every word. However, if you need to
space the letters yourself, you should
space them optically rather than
mechanically.

Example

TEACH Mechanical Spacing

TEACH Optical Spacing


• Spacing between lines – If lines of text
are
too close together, they tend to be blur
out at
a distance, while lines too far apart will
seem
disjoint. If the paragraph of text is
computer-
generated, a one-a-half line spacing
may be
the best choice.

• Number of lines – This depends on the


type
2. PATTERN
• Alignment of elements – Use this to
show
clear visual relationships between the
main
elements in the visual. Align related
elements
along the same horizontal or vertical
lines.

• Shape – The visual and verbal elements


can
• Balance - A sense of balance is
achieved
when the `weight' of the elements in a
visual is equally distributed on each
side of
its vertical or horizontal axis.

• Style - Choose a design style which


matches your audience. But as far as
possible, choose an uncluttered
primary-
color design style rather than one filled
• Color scheme - Select colors that
produce harmony rather than
annoyance. You may choose to use
complementary colors (colors that lie
directly opposite on the color wheel,
e.g., red-green, blue-orange, yellow-
violet), but make sure that they are not
of the same intensity or else dissonance
instead of harmony may result.
Analogous colors e.g. blue and green
usually form pleasing harmonious
combinations.
• Color appeal - Consider the `emotional'
impact
of colors in your choice. Blue ,green and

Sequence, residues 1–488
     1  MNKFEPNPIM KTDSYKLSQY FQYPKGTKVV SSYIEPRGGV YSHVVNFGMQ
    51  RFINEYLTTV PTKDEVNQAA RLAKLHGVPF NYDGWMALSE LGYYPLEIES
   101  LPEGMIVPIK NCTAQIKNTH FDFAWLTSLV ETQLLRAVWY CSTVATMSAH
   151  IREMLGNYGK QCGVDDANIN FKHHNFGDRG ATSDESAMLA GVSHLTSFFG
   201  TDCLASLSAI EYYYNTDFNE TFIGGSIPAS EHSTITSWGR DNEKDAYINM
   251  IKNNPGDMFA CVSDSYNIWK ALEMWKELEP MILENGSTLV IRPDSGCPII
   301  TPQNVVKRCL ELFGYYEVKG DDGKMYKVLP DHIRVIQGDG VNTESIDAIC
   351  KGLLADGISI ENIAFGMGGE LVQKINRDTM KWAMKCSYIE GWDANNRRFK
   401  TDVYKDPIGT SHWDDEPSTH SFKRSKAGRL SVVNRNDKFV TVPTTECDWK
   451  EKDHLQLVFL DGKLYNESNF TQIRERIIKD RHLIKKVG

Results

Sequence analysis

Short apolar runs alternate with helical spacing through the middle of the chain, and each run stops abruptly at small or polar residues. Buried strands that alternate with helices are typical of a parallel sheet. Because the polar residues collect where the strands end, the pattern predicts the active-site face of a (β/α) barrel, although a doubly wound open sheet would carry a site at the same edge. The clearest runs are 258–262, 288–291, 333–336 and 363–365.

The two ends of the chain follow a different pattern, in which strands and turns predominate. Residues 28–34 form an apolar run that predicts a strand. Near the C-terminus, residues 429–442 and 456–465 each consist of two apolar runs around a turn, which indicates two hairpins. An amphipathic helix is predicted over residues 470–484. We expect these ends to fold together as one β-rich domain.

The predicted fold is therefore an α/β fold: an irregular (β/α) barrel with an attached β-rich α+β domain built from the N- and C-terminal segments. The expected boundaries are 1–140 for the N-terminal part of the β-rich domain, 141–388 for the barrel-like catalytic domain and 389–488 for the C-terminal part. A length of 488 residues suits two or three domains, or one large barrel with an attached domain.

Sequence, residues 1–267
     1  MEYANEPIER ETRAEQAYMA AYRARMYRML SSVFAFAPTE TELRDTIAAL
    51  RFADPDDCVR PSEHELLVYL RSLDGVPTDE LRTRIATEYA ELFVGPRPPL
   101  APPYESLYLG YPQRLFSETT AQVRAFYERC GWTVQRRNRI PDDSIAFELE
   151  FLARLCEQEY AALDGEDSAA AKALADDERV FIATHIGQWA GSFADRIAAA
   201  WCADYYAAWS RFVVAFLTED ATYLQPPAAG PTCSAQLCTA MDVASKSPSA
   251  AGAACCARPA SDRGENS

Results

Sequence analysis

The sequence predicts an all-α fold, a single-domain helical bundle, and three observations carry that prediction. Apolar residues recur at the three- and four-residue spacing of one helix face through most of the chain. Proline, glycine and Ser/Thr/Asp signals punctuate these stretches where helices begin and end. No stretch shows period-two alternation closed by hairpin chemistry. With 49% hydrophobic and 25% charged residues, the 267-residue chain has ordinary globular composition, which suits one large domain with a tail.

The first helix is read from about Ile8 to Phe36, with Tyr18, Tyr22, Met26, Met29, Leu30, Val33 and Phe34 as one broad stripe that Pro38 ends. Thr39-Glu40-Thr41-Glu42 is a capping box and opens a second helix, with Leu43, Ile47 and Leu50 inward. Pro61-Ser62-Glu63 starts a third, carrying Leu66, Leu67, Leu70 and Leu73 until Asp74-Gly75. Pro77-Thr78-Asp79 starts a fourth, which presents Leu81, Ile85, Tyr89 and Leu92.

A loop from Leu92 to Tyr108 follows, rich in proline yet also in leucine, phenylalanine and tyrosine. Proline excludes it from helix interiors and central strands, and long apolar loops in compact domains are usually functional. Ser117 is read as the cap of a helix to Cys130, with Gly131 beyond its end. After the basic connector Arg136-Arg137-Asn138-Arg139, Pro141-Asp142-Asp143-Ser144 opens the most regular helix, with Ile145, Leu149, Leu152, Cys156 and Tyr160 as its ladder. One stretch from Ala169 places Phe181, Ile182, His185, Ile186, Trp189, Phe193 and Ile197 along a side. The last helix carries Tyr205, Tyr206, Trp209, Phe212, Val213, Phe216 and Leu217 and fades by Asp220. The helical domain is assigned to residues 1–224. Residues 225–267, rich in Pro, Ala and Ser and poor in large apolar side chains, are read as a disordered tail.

violet
are considered `cool' colors, while red
and
orange are termed `warm' colors.
Specifically,
red means danger or action, orange –
warmth
or energy, blue - aloofness or clarity,
3. ARRANGEMENT

Once you have established the


underlying
pattern of your visual you will need to
arrange the elements within the
pattern.
You can use the principle of proximity
by
placing related elements close
together,
and unrelated items far
• Directional such as arrows, are devices
for
directing the viewer's attention to a
particular
part of the visual, or to `read' the visual
in a
particular sequence. Other examples for
directing attention are bolding of text,
use of
bullets, change of size, use of a
contrasting
VISUAL DESIGN ISSUES IN COMPUTER-BASED
PRESENTATION
• Visual Effects
Text and graphic animations
Transitional effects

Use of Color
• Color guidelines
Backgroun Graphs & Text Highlights
d
White Dark blue Red, orange
Light gray Blue, green, black Red
Blue Light yellow, white Yellow, red
Light blue Dark blue, dark green Red, orange
Light Violet, brown Red
yellow
Basic Guidelines

Do’s for Computer-based


presentation
• Do use landscape
• Do use san-serif types of fonts
• Do leave extra space between
paragraph
• Do use left justification
• Do use graphics to focus on an
important area
• Do consider the use of graphics,
animations
and video clips when it is difficult to
describe
something verbally.
• Do have plenty of empty space on a
screen.
• Do eliminate distracting backgrounds.
• Do have consistency in the design.
Don'ts for computer-based
presentation
• Don't use `portrait' (tall) orientation.
• Don't put too much information on one
screen display.
• Don't use too much or too little
highlighting.
• Don't use decorative clip art to
confuse the message
• Don’t use poor quality originals
scanning pictures
• Don't use all capital letters.
• Don't split words at the end of a line
or
hyphenate them.
• Don't break a sentence across
screens.
orientation.
• Don't use graphics, animations or
audio
without a good purpose.
• Don't use special visual effects (such
as
flying letters, words or objects)